David L. Allen of Hartsville received the Order of the Palmetto, the highest civilian honor for service in South Carolina, on Monday as family, friends, fellow church members and former colleagues shared in the occasion at Wesley United Methodist Church in Hartsville where Allen is a member.
Gov. Mark Sanford in a letter to Allen praised his contributions: “Of special note are your contributions to the cause of soil and water conservation at the local, state, and national levels for more than forty years.”
Allen, retired general farm manager of Coker Pedigreed Seed Co. Farms, received the honor for his contribution to soil and water conversation. Allen was farm manager for 26 years and worked at the farm for more than 42 years.
“I was the last man out,” Allen said.
Allen said this was one of the most significant moments in his life, and he understands that this award is not given randomly or without great consideration. In accepting the award, the Order of the Palmetto recipient said he was keenly aware of the implications of this award.
“It can’t get any better than this,” Allen said. “Be assured I’ll always treat it and display it with pride.”
Known to many as Mr. Conservation, Allen said he has to thank first his family for their support of his endeavors and those he was worked with in the past. He mentioned his former employer Robert Coker of Coker Pedigreed Seed Co., who he said always encouraged his extra-curricular activities.
After listening to all the accolades being bestowed upon him, Allen said, “I’m not sure they are talking about me.”
While Allen’s contributions in conversation are too numerous to mention them all, on the local level, he has served as commissioner and chairman of the Darlington Soil and Water Conservation District for 41 years, president of the Darlington County Agricultural Society, a member and president of the Darlington County Farm Bureau and member of the City of Hartsville Tree Committee.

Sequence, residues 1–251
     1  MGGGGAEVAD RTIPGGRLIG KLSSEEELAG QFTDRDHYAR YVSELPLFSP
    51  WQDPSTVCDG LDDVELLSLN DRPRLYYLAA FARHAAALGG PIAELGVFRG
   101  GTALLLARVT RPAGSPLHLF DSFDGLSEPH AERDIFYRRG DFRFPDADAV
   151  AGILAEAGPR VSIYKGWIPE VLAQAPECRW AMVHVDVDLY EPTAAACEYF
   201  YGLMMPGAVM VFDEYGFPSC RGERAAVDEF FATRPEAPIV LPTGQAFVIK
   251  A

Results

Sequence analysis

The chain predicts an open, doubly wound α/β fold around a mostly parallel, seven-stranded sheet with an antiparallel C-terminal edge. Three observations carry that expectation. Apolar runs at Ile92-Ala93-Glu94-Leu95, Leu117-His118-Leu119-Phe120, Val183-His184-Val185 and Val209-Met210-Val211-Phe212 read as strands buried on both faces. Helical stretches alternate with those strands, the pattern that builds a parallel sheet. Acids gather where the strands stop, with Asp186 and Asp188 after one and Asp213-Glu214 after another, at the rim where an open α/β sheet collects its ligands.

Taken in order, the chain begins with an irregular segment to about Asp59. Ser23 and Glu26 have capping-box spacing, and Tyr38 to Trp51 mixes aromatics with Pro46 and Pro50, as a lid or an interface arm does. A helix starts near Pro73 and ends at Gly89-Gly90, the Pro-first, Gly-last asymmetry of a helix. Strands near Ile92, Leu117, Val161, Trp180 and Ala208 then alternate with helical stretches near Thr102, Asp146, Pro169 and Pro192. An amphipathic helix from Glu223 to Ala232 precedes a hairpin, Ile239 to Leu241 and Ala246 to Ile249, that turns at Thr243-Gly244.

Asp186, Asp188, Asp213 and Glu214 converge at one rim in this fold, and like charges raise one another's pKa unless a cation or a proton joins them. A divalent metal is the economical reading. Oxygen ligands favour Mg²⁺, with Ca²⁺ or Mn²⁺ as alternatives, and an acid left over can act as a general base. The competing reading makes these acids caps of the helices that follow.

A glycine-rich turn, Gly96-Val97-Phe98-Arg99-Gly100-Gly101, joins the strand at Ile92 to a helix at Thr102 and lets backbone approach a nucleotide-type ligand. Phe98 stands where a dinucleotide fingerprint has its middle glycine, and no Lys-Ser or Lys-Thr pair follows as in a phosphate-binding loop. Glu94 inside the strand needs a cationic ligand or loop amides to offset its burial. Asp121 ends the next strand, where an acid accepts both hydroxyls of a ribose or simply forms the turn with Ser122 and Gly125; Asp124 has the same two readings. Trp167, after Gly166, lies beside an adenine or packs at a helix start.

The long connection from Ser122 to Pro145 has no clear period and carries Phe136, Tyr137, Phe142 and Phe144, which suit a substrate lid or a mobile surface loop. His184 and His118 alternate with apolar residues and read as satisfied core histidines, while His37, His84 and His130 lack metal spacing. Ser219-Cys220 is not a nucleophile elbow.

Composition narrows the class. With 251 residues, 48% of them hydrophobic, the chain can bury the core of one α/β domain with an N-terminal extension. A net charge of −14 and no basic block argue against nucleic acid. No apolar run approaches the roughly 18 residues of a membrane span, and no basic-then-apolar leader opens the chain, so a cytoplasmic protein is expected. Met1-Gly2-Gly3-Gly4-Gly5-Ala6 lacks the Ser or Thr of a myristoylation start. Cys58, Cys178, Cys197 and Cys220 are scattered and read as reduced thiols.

Allen was instrumental in protecting a portion of the Coker Farms as a National Historic Landmark. Because of his extensive knowledge of the agriculture of this area and the South in general, Allen has been interviewed by personnel from the Smithsonian Institute for his recollections of Southern agriculture.
On the state level, Allen has been a member and chairman of the S.C. Land Resources Commission, president of the S.C. Association of Conservation Districts and Trustee of the S.C. Conservation District Foundation.
At the national level, Allen has served as director and executive board member of the National Association of Conservation Districts, chairman of the National Soil and Water Stewardship Committee, National Association of Conservation Districts and Council member of the Southern Region of Conservation Districts.
His awards include the Distinguished Service Award from the S.C. Department of Natural Resources, Special Achievement Award from the S.C. Soil and Water Conservation Society, Outstanding Agriculturalist in S.C. Award, Man of the Year in Conservation in S.C., and the National Conservation Hall of Fame and named Conservation District Commissioner of the Year by the Southeast Conservation District Employees Association.
Born in the Hartsville area, Allen was one of six children. He and his wife, Divver, have two children, David Allen and Rachel Franklin. Allen is a member and leader at Wesley United Methodist Church, and he volunteers at the Soup Kitchen. He is a 1943 graduate of Presbyterian College with a degree in English.
Allen said he graduated early so he could go into the military. He served in World War II at the Battle of the Bulge and received a Purple Heart. Pointing to his face, Allen said, he still wears an honorable scar across his chin from the war.
In his letter of recognition, the Gov. Sanford also mentioned Allen’s service to his country during World War II.
“We are blessed by the dedication of men and women like you who made the commitment and sacrifice to protect our nation and the freedoms my boys now enjoy and will one day cherish,” Sanford wrote.